Katy Perry as an Ancient Egyptian princess in her latest music video for 'Dark Horse'

music
Arts and Entertainment
Dame Judi Dench, as M in Skyfall

film
Arts and Entertainment
Morrissey, 1988

TV
Latest stories from i100
Have you tried new the Independent Digital Edition apps?

ES Rentals

    Independent Dating
    and  

    By clicking 'Search' you
    are agreeing to our
    Terms of Use.

    Surrounded by high-rise flats is a little house filled with Lebanon’s history - clocks, rifles, frogmen’s uniforms and colonial helmets

    Clocks, rifles, swords, frogmen’s uniforms

    Surrounded by high-rise flats is a little house filled with Lebanon’s history
    Return to Gaza: Four months on, the wounds left by Israel's bombardment have not yet healed

    Four months after the bombardment, Gaza’s wounds are yet to heal

    Kim Sengupta is reunited with a man whose plight mirrors the suffering of the Palestinian people
    Gastric surgery: Is it really the answer to the UK's obesity epidemic?

    Is gastric surgery really the answer to the UK's obesity epidemic?

    Critics argue that it’s crazy to operate on healthy people just to stop them eating
    Homeless Veterans appeal: Christmas charity auction Part 2 - now LIVE

    Homeless Veterans appeal: Christmas charity auction

    Bid on original art, or trips of a lifetime to Africa or the 'Corrie' set, and help Homeless Veterans
    Pantomime rings the changes to welcome autistic theatre-goers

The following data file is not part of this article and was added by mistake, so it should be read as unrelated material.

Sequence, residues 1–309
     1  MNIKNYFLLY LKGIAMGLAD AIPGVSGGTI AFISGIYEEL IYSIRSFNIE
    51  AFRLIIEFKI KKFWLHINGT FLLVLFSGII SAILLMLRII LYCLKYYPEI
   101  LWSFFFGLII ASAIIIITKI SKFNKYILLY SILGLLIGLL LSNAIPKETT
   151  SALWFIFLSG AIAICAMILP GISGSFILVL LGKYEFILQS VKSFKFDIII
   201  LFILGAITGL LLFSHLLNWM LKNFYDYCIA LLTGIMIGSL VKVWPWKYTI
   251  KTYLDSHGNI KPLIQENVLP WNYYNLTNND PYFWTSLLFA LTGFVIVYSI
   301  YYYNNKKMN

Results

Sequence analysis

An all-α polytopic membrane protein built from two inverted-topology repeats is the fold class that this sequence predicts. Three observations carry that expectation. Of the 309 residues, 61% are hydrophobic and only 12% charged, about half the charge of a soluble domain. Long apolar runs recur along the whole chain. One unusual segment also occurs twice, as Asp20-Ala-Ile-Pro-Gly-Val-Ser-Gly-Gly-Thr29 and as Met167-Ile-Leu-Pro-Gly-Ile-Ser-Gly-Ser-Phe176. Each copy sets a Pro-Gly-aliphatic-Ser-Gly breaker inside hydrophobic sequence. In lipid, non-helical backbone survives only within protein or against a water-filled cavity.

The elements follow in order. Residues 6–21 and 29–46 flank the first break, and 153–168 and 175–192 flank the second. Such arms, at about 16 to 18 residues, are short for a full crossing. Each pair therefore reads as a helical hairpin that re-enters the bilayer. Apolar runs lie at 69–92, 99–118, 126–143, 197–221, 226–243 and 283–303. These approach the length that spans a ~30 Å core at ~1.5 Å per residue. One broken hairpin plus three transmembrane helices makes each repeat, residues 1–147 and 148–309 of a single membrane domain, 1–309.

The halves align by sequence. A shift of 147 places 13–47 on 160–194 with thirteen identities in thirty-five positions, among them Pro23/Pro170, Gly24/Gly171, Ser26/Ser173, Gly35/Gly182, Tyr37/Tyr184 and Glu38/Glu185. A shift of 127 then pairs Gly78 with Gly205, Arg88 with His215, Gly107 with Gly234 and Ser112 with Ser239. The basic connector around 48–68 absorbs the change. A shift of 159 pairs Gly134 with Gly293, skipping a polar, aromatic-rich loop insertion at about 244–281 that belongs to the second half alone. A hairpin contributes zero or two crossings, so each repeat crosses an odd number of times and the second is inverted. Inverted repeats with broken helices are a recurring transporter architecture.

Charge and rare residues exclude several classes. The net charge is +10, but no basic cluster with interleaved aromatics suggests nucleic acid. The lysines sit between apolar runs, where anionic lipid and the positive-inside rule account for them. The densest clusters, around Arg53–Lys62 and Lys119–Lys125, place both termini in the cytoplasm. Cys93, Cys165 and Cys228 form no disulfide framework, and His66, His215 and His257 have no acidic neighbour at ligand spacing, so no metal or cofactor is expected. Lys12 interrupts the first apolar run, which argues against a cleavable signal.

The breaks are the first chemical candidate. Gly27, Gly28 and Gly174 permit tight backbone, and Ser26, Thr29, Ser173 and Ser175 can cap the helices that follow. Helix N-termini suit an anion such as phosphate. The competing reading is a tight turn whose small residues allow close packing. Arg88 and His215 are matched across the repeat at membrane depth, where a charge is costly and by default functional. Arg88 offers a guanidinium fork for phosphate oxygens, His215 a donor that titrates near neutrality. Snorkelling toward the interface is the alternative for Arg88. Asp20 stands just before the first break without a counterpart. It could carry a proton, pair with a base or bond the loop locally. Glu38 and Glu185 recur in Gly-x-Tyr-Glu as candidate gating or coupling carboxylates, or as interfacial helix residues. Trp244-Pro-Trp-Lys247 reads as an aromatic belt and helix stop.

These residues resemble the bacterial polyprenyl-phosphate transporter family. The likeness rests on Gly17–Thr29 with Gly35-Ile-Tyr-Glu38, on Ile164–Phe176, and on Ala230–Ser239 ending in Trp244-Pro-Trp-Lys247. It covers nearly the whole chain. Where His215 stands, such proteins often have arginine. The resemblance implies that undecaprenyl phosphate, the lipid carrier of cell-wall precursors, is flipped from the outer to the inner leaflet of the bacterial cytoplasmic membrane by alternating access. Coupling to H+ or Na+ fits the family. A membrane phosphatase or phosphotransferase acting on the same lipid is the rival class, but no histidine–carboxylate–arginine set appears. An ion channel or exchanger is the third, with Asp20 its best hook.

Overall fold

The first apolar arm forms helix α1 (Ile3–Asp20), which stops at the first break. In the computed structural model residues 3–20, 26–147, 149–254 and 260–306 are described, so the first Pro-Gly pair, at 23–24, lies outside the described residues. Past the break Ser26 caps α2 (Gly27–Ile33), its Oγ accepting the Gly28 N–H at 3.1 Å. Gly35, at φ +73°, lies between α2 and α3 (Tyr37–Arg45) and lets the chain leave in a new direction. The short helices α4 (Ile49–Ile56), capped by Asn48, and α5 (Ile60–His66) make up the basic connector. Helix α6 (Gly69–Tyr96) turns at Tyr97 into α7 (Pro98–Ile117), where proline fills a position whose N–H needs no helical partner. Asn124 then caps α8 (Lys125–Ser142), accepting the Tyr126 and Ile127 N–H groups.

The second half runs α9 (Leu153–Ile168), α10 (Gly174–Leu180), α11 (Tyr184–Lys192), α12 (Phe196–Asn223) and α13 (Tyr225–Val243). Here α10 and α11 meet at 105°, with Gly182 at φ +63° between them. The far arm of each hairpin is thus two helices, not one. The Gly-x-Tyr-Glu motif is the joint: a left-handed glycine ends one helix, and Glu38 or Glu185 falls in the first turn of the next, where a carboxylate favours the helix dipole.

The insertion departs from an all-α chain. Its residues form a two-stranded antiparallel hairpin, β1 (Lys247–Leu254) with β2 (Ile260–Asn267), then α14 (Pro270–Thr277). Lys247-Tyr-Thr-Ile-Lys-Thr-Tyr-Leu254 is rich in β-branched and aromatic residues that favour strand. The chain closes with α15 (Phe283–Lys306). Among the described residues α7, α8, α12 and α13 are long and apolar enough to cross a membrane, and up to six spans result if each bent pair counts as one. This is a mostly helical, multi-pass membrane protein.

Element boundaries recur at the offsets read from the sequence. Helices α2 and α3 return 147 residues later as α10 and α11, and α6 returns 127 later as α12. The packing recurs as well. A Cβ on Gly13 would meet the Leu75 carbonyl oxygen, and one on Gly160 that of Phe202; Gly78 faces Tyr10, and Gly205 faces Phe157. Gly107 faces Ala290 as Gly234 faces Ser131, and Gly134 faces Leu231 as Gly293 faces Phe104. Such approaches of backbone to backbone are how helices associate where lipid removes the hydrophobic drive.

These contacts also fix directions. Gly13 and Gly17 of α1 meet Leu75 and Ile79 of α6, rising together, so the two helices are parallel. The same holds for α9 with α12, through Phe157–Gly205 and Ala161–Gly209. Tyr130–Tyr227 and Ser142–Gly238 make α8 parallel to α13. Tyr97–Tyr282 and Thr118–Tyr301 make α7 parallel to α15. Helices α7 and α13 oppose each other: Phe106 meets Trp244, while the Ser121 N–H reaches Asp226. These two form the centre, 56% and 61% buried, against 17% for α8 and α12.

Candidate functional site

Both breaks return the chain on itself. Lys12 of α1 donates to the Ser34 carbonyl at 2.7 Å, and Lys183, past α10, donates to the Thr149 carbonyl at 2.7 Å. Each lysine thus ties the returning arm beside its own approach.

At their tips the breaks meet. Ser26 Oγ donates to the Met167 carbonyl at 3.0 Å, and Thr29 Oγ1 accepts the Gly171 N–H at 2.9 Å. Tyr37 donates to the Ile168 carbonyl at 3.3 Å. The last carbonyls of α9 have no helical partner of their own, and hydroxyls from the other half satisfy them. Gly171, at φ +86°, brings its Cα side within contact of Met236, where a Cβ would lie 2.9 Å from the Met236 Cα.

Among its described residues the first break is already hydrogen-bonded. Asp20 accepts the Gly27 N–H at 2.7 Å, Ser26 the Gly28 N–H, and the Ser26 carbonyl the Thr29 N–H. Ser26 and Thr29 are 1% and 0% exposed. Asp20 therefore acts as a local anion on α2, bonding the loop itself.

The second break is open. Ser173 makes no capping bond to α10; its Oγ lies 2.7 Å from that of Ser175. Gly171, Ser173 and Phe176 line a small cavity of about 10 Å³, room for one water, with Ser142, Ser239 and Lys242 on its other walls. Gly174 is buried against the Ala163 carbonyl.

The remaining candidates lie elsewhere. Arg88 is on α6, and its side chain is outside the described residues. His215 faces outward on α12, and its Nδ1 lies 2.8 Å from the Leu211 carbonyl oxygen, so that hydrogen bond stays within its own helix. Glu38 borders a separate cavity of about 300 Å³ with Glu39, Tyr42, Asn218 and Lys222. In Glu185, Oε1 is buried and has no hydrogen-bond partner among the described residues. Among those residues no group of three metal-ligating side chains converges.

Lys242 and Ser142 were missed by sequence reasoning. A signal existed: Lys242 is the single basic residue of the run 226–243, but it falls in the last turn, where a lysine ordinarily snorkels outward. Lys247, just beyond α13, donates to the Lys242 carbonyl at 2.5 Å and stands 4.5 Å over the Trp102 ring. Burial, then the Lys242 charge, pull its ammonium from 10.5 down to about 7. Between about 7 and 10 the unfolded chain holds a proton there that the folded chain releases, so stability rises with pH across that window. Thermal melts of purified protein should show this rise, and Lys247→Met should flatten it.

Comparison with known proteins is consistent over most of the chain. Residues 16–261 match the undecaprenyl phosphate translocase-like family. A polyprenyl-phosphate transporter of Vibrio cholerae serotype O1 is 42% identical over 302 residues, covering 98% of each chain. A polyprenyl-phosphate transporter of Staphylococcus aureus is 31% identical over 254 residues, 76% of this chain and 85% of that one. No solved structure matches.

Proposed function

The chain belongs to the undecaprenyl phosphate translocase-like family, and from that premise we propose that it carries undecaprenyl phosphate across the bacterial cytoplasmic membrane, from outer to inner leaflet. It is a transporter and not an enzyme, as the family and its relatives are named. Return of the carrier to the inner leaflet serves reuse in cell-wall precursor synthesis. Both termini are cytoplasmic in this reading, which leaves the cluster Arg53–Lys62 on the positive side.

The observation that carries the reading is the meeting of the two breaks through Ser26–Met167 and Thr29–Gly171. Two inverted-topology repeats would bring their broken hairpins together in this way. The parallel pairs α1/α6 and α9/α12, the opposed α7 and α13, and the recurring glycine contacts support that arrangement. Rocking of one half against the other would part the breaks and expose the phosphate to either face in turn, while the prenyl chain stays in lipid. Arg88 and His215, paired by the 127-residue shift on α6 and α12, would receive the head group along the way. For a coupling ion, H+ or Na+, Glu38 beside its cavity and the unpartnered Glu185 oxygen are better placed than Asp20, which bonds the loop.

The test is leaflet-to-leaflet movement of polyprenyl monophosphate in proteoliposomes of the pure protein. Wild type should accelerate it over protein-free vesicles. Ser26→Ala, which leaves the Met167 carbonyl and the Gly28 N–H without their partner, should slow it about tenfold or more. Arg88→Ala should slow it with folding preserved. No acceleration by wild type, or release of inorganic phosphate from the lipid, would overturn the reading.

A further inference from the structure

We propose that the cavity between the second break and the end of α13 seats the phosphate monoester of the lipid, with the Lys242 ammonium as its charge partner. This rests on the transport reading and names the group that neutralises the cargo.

Autism-friendly theatre

    Pantomime leads the pack in quest to welcome all
    The week Hollywood got scared and had to grow up a bit

    The week Hollywood got scared and had to grow up a bit

    Sony suffered a chorus of disapproval after it withdrew 'The Interview', but it's not too late for it to take a stand, says Joan Smith
    From Widow Twankey to Mother Goose, how do the men who play panto dames get themselves ready for the performance of a lifetime?

    Panto dames: before and after

    From Widow Twankey to Mother Goose, how do the men who play panto dames get themselves ready for the performance of a lifetime?
    Thirties murder mystery novel is surprise runaway Christmas hit

    Thirties murder mystery novel is surprise runaway Christmas hit

    Booksellers say readers are turning away from dark modern thrillers and back to the golden age of crime writing
    Anne-Marie Huby: 'Charities deserve the best,' says founder of JustGiving

    Anne-Marie Huby: 'Charities deserve the best'

    Ten million of us have used the JustGiving website to donate to good causes. Its co-founder says that being dynamic is as important as being kind
    The botanist who hunts for giant trees at Kew Gardens

    The man who hunts giants

    A Kew Gardens botanist has found 25 new large tree species - and he's sure there are more out there
    The 12 ways of Christmas: Spare a thought for those who will be working to keep others safe during the festive season

    The 12 ways of Christmas

    We speak to a dozen people who will be working to keep others safe, happy and healthy over the holidays
    Birdwatching men have a lot in common with their feathered friends, new study shows

    The male exhibits strange behaviour

    A new study shows that birdwatching men have a lot in common with their feathered friends...
    Diaries of Evelyn Waugh, Virginia Woolf and Noël Coward reveal how they coped with the December blues

    Famous diaries: Christmas week in history

    Noël Coward parties into the night, Alan Clark bemoans the cost of servants, Evelyn Waugh ponders his drinking…
    From noble to narky, the fall of the open letter

    From noble to narky, the fall of the open letter

    The great tradition of St Paul and Zola reached its nadir with a hungry worker's rant to Russell Brand, says DJ Taylor
    A Christmas ghost story by Alison Moore: A prodigal daughter has a breakthrough

    A Christmas ghost story by Alison Moore

    The story was published earlier this month in 'Poor Souls' Light: Seven Curious Tales'